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The Majors


pionships define a career. (The message would be am- plified by Dan Jenkins, the most important sportswriter of that era.) Tiger Woods famously had a timeline of Nicklaus’ major victories taped next to his bed, and he introduced the concept of majors as the be-all-end- all to a new generation. Woods’ fetishizing of


major championships now defines the thinking of golf fans and reporters and many fellow players, to the point that it is necessary to evaluate their larger mean- ing. As they always have been, majors are played on the best courses in the most exacting conditions under the brightest spotlight. As the game has become more global, they remain crucial measuring sticks. Jumbo Ozaki won more than 100 tournaments in Japan, but never really contended at a major; thus we can conclude he was merely a big fish in a very small pond. Colin Montgomerie won seven straight Orders of Merit largely because he played a much heavier schedule than other top Europeans; his repeated failings at the majors revealed fatal flaws in his competitive makeup. (That both of these play- ers are in the World Golf Hall of Fame is a screed for another occasion.) The idio- syncratic personalities of the individual major cham- pionships can poke holes in even the greatest players. It’s not a surprise that Sam Snead and Phil Mickelson would thrive at Augusta National—an expansive canvas that encourages freewheeling artistic expres- sion—yet suffer repeated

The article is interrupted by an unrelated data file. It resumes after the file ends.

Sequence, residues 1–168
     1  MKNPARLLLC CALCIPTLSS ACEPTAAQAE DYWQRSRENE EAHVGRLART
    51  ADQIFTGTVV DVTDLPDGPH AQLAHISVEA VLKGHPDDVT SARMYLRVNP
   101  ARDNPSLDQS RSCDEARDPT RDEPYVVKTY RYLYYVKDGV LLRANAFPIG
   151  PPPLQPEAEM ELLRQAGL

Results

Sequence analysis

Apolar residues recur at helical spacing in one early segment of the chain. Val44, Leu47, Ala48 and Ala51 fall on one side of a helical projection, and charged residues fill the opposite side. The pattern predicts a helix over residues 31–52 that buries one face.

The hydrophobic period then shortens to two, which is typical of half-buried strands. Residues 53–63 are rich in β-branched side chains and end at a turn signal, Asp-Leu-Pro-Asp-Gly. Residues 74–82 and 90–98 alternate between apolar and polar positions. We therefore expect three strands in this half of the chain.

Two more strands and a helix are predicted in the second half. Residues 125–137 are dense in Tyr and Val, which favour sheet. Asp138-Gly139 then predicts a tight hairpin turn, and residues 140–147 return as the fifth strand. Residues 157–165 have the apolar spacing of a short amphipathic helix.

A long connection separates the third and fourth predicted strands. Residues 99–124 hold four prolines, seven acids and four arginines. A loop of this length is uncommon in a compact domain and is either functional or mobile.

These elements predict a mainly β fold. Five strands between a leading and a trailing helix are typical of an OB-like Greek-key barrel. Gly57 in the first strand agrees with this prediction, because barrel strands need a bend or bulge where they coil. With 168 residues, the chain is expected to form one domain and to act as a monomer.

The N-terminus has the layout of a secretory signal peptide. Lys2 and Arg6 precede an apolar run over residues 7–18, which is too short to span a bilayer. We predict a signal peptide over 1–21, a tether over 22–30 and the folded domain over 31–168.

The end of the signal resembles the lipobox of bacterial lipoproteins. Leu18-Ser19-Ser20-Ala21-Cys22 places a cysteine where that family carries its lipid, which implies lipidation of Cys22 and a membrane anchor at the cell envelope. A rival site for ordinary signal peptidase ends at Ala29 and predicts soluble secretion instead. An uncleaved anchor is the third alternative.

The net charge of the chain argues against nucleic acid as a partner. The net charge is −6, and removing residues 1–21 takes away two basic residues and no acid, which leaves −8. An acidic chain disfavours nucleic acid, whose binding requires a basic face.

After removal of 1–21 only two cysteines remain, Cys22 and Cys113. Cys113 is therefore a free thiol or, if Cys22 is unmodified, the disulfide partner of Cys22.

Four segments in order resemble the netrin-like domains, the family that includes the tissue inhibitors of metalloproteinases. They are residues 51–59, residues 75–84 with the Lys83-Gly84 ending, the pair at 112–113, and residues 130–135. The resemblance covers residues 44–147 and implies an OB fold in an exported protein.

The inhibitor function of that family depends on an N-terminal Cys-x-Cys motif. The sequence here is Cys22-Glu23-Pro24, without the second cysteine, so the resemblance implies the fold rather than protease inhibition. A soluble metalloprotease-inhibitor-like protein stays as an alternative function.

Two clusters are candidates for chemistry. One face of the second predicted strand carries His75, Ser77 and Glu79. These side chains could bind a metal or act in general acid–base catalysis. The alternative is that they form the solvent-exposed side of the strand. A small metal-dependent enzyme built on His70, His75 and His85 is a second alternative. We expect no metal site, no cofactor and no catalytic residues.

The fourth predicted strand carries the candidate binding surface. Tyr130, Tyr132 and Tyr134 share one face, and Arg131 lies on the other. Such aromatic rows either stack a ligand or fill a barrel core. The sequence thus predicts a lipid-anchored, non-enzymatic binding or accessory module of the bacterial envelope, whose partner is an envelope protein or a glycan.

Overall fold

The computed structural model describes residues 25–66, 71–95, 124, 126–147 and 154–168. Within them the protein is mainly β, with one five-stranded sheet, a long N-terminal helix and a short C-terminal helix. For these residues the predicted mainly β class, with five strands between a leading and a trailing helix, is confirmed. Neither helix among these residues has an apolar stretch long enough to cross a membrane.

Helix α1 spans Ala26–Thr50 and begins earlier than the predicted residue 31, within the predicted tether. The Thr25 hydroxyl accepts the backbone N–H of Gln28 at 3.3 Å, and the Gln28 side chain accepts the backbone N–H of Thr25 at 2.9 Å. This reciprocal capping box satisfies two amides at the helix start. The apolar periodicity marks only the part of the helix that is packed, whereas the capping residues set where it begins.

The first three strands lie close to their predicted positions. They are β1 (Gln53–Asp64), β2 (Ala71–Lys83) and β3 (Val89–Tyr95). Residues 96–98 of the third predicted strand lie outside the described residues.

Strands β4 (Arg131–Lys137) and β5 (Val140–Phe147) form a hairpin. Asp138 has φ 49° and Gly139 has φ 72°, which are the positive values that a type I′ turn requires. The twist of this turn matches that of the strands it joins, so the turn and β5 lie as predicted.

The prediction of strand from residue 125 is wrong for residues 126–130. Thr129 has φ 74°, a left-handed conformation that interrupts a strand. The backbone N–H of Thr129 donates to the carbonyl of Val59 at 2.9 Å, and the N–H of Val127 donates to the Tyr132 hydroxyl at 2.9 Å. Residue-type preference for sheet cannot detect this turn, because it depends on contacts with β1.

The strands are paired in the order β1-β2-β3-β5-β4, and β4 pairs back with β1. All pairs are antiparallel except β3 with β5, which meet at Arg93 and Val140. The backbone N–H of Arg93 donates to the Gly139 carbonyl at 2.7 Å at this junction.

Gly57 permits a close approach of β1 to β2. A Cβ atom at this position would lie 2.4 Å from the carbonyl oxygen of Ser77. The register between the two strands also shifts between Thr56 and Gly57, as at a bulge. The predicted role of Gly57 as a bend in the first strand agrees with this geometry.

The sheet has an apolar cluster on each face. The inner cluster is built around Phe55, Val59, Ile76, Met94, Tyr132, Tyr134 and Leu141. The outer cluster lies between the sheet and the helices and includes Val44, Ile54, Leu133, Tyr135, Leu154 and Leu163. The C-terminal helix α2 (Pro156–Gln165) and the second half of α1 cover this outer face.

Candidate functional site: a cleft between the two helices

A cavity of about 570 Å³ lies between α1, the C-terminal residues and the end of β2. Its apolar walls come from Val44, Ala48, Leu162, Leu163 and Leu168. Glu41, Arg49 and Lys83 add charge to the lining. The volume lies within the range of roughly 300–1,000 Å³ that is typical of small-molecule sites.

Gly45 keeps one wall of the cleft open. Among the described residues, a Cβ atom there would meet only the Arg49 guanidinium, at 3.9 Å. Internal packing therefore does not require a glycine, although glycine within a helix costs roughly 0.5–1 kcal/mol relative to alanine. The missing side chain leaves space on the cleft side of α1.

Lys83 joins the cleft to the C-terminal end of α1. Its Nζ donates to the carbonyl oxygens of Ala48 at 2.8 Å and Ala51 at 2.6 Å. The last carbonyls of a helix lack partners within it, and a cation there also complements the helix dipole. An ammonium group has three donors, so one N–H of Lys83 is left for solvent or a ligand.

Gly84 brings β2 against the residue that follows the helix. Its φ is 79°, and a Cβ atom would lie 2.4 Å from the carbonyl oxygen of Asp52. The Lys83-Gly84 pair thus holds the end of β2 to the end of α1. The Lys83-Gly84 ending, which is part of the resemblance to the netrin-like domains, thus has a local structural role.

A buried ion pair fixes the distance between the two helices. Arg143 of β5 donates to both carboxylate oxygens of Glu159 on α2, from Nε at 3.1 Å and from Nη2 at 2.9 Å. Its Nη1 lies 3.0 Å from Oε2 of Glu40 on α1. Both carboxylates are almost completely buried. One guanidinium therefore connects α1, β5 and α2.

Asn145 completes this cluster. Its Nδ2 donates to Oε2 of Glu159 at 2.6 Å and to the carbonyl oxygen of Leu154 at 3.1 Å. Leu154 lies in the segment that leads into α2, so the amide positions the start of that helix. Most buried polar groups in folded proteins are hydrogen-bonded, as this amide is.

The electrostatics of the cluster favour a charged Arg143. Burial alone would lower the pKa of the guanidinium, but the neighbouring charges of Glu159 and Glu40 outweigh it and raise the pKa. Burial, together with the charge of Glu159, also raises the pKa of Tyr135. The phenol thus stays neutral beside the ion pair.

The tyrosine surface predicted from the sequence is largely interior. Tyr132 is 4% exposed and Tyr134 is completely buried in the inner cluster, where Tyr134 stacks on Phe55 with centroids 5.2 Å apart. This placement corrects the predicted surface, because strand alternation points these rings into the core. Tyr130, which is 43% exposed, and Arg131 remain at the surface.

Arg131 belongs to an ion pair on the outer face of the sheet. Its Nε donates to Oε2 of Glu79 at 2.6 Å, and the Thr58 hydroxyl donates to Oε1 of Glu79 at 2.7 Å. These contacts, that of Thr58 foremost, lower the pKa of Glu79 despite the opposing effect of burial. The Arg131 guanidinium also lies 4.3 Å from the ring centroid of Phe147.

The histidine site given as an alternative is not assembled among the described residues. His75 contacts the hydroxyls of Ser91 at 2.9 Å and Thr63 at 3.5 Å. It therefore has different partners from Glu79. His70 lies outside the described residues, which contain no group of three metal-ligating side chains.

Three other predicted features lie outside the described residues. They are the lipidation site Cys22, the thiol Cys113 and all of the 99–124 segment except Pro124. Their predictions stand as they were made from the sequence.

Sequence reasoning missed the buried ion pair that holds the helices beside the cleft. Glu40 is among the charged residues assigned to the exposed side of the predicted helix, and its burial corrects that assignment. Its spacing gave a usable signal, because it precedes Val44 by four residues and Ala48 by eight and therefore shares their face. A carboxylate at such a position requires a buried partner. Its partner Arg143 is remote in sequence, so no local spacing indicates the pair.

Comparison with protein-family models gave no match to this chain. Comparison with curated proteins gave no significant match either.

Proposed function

28 / NCGA.ORG / SUMMER 2013


Major winners Bubba Watson, Tiger Woods and Phil Mickelson (above) at last year’s U.S. Open. 2012 U.S. champion Webb Simpson (left).


Midwesterner. Meanwhile, the PGA is played in the soft conditions of August and often becomes a birdie- fest that rewards power and aggression, which were never Watson’s strengths. Because majors tell us so


blowups while failing to win a U.S. Open, where the unforgiving setup pushes players to the breaking point mentally and emo- tionally. The flipside is that grim plodders like Andy North and Lee Janzen and Retief Goosen can snag two Opens apiece but never


make a ripple at the other majors. How can Tom Wat- son win five British Opens but nary a PGA? The Open is about mastering the elements and strategiz- ing across quirky playing fields, perfect for a talented Stanford alum with the stoic demeanor of a native


much, there is the threat of overvaluing them. John Daly basically had two good weeks in his woebegone career, but one happened to be at the PGA and the other at the British Open. Is he a better player than contemporaries Tom Kite, Davis Love, Fred Couples, Corey Pavin, all of whom enjoyed decades of sustained excellence, but managed to snag only one major in their careers? Is


PHOTO: JOANN DOST


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